Release Date: 05/04/2019
Record Label: Alcopop! Records
For Fans Of: NIN, Raketkanon
Raketkanon make a reviewers task almost impossible. There is no real reference point for the Ghent quartet as they refuse to be constrained by genre, sound, scene and even language (as their lyrics tend to be formed from their own invented lingo consisting of all kinds of weird and wonderful phonetic sounds). This level of creativity has earned the band a tremendous reputation over the past few years, with the legendary Steve Albini producing their second album in 2015 which then went on to gain the attention of even Iggy Pop. When characters of that calibre start to take notice, it’s clear that you’ve hit onto something great. With this reputation in mind, you might think that the Belgian band would consolidate their position and refine what foundations they have laid so far; you also would be completely wrong in that thought.
It’s true that Raketkanon have built upon previous works yet RKTKN#3 expands everything even further to such an extent that I’m not really even sure if this isn’t them ripping up what has gone before and starting anew. Although this is clearly still the same band with similar ‘hardcore’ tendencies (if you can call it that) the synths have gained a much greater focus, and with it the band have started to cover a much broader range of sounds and styles; the Belgians have even started to explore more ambient passages. The very appropriately titled ‘Hannibal’ does this perfectly to create something that could soundtrack a horror film. With quiet, barely audible ambience stalking you to ramp up the tension before you are attacked by a crazed yelp and stabbing bassline before your hunter skulks away to the shadows once more. Perhaps the most impressive thing about this record is how despite there being so much to take in, it still sounds very minimal most of the time in a very similar way to many of Trent Reznor’s works.
‘Melody’ is a rare example of Raketkanon restraining themselves throughout an entire track, with almost whispered vocal with period electronic sounds over a lazy backbeat. Even when the track seems like it is building to something it never quite reaches a crescendo and instead wanders into a completely different direction which keeps you on your toes despite being one of the most relaxing songs here. In spite of the variety and range, the actual core sound remains dark and futuristic throughout the record which goes a long way to ensuring that it feels at least somewhat cohesive. Here is the major falling point in the album as at times it does feel like a collection of songs and sounds and where individual tracks are brilliant, they don’t seem to fit together to form a proper body of work. This is perhaps most noticeable with the last two tracks on the album as ‘Ernest’ builds into a stomping and distorted rampage before the closer ‘Mido’ meekly creeps along but instead of this feeling like the release of built up energy and its aftermath they feel like completely separated and rather disjointed.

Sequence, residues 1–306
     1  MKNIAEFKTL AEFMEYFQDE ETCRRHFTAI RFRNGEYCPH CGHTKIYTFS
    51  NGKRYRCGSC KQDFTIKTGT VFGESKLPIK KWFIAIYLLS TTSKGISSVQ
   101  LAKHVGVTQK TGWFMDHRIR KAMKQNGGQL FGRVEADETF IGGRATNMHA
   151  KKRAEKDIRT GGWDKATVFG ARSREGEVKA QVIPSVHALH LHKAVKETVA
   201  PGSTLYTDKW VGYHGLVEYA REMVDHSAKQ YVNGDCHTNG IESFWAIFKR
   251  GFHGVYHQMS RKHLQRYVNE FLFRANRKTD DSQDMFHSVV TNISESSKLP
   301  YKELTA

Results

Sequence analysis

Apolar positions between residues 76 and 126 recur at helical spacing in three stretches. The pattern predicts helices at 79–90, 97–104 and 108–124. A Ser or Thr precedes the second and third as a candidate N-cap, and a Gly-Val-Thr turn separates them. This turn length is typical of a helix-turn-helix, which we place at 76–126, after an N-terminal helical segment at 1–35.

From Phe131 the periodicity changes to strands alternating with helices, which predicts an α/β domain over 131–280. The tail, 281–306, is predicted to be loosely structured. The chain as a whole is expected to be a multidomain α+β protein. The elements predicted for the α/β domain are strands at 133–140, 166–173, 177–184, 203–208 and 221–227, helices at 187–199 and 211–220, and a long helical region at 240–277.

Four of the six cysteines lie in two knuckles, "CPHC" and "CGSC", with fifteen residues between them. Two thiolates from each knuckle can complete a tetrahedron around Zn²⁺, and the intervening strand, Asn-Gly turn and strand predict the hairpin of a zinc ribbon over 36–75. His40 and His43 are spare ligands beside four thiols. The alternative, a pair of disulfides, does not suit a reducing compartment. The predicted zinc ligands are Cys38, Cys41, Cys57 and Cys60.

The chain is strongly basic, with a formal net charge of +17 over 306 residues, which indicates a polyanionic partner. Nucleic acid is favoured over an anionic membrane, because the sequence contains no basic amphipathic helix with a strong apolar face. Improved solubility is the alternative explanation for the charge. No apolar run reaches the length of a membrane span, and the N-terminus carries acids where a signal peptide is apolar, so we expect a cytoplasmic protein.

There are moments where it sounds like they have found a groove and might just settle on it, but of course just as you think you have it sussed they either move onto something completely different or the song just ends. ‘Fons’ starts with a fairly regular riff, albeit with some rather unique vocal stylings, and builds upon this before morphing through a more relaxed passage, gathering it’s strength, finally roaring back with a hook that wouldn’t be out of place in a Royal Blood track if only you could decipher what vocalist, Pieter-Paul Devos, was saying.
This is a record that never stands still long enough to ever really figure out what is going on. Raketkanon are experimental and progressive in the best senses of the word, they are stretching their wings and exploring the fullest range of sounds they can produce as a band. Undoubtedly RKTKN#3 will not be for everybody as it plays out like the musical equivalent of a mood-board or a soundtrack rather than a modern rock record although rather than feeling like there is any real progression throughout the album, it does feel like it is a collection of tracks. Regardless, it’s originality means that everyone should at least give this a go, at only 30 minutes long it will not take up a huge amount of time and most will find themselves coming back for more just to try and figure out what the hell is actually going on. Raketkanon have broadened their sound far beyond previous efforts and this experimentation should be applauded, the real test however, will be to see how they can turn these experiments into a more cohesive work in the future.
Recommended Tracks: ‘Hannibal’, ‘Lou’, ‘Harry’